As Mark Twain probably didn't say, it's easy to see, harder to foresee, but when it's a question of Red Sox Nation eating its own, you don't need to need the benefit of a backwards glance to know what is going to happen.
As you have undoubtedly heard, Mike Napoli signed on with the Red Stockings of Boston for the next three seasons, where he'll play first base primarily, but also serve as a part-time catcher and designated hitter. But you don't come to SBN to hear about that. You know that already. What you want to know is what will happen in those three years.
Well, brother or sister, you have come to the right place, because I've got a rough timeline laid out for Napoli's tenure in the City of Barely Contained Rage.
December 3, 2012
Napoli and the Red Sox agree on a three-year, $39 million contract. It is, improbably, the third-highest contract on the team by average annual value.
December 7, 2012
Mike Napoli takes his physical and finalizes said contract. Doctors pronounce him in the peak of health.
January 7, 2013
Napoli tweaks his oblique, no big whup. He'll be fine by the start of Spring Training.
February 5, 2013
Truck Day! Everyone is super-optimistic for a great season, even though "Truck Day" is barely a stitch in the grand tapestry of life.
March 31, 2013
Fans are genuinely excited after their new 1B-C-DH hybrid hits .284/.381/.543 in Spring Training. Bring on the Yankees!
April 4, 2013
Red Sox lose the opening series two games to one. Napoli goes one-for-eleven with a walk. Barely staving off outright panic, Red Sox fans nervously laugh at how James Loney has already been DFA'ed by the Rays.
May 31, 2013
With the Red Sox hovering around .500 and Napoli hitting .245/.350/.440, Dan Shaughnessy publicly mocks Napoli's contract. Smelling blood, talk radio sharks begin to circle.
June 23, 2013
Napoli strains his throwing shoulder, is out for two weeks. Team proceeds to lose 10 of 13 before Napoli comes back.
July 15, 2013
After a recent hot streak, Napoli is lauded by WEEI callers as "a lovable, gritty Millar-type." Still, with the team just over .500, others wonder if he's really a leader.
August 19, 2013
Unnamed sources in the Red Sox clubhouse (whose names rhyme with Blarry Bluccino) leak that Napoli has arrived 15 minutes late three times during the season, enjoys pizza and beer on an offday after a loss, and only tips 15 percent in restaurants.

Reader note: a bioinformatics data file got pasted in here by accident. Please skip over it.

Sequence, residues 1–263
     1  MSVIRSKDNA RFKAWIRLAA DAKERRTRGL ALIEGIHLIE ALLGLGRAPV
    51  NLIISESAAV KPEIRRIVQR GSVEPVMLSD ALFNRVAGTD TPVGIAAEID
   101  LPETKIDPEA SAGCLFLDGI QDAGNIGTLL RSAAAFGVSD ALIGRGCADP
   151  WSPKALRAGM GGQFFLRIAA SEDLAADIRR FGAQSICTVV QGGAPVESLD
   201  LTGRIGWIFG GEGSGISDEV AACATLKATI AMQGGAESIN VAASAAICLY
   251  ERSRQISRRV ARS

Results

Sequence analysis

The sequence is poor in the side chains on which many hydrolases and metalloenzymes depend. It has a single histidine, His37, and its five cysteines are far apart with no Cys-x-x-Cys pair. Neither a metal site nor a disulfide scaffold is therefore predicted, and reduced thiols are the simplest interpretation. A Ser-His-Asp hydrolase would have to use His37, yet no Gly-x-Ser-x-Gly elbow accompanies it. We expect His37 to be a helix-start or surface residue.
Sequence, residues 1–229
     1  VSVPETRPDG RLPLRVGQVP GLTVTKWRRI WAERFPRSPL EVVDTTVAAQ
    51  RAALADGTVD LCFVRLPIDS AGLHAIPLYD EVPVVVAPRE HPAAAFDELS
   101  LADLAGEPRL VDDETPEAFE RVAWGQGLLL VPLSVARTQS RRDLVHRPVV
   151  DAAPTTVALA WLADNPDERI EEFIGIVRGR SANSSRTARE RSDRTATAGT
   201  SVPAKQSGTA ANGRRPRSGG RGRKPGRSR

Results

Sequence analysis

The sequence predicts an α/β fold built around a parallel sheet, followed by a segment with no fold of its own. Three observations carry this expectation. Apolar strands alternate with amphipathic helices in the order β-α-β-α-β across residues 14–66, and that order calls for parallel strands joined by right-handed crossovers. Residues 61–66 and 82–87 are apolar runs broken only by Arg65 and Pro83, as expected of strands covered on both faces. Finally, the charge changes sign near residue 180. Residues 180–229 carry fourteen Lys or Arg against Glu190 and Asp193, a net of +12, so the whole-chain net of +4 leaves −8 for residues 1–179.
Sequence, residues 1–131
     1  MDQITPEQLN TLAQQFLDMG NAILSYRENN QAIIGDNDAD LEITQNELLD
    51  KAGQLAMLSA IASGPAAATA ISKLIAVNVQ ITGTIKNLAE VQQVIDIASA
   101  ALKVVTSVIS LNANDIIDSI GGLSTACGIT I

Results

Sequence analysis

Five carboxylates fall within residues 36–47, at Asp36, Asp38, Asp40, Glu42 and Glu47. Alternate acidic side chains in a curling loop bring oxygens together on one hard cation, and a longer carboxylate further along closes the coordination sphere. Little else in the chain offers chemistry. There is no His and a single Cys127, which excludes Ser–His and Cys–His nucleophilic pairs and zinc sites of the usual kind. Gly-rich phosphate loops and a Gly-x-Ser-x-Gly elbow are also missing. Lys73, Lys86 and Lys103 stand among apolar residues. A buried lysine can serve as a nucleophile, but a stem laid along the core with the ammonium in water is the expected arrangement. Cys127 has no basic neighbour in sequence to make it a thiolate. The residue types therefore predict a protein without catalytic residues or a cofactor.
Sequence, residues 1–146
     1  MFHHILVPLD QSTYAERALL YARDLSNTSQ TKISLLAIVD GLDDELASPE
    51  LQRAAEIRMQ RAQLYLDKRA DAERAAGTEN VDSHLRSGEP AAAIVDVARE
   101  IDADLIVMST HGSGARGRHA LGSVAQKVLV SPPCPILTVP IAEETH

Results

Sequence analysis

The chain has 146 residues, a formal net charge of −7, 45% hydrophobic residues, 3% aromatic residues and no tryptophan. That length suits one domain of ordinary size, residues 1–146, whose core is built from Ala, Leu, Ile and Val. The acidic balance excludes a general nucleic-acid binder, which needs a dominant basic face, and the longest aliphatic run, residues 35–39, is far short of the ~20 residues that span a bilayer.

September 22, 2013
Mired in another bad September, the knives are out for Napoli, who has hit .255/.360/.460 with 25 homers. "That's nuthin' fo-ah a fuhst baseman," they say, forgetting that Napoli caught around 40 games and that $13 million per season is the new going rate for good players, not superstars.
Make no mistake, Napoli is a very good player and a good acquisition. He's definitely a championship-caliber regular, but no superstar, especially when he's not behind the plate. He's a good right-handed hitter with patience and a lot of power, who strikes out a lot, doesn't hit for average, plays subpar defense wherever you put him, and has been brittle. He could be part of the solution in Boston, but he's not a Buster Posey or Albert Pujols, the kind of player who you can build your team around..
He is booed in his last home game.
September 29, 2013
The Red Sox end the season short of the playoffs. The Napoli signing will be criticized and picked apart for the next six months.
April 1, 2014
After a winter of writers and pundits speculating that he doesn't care enough about winning, Napoli is booed during Opening Day introductions and in all four at bats.
May 15, 2014
Napoli tears a muscle in his shoulder and is out for two months. Scribes suggest he's not working hard enough to come back quickly.
July 20, 2014
Finally back in the lineup, Napoli will be booed for the next two months, as he slams 18 homers and helps drag the Red Sox into the playoffs as the second Wild Card.
October 20, 2014
The Red Sox are finally eliminated from the ALCS. Napoli has had a pedestrian postseason, hitting .265 with two homers and six RBI.
December 15, 2015
Mike Napoli is traded. Boston breathes a sigh of relief and signs Justin Morneau to play first. The cycle repeats itself.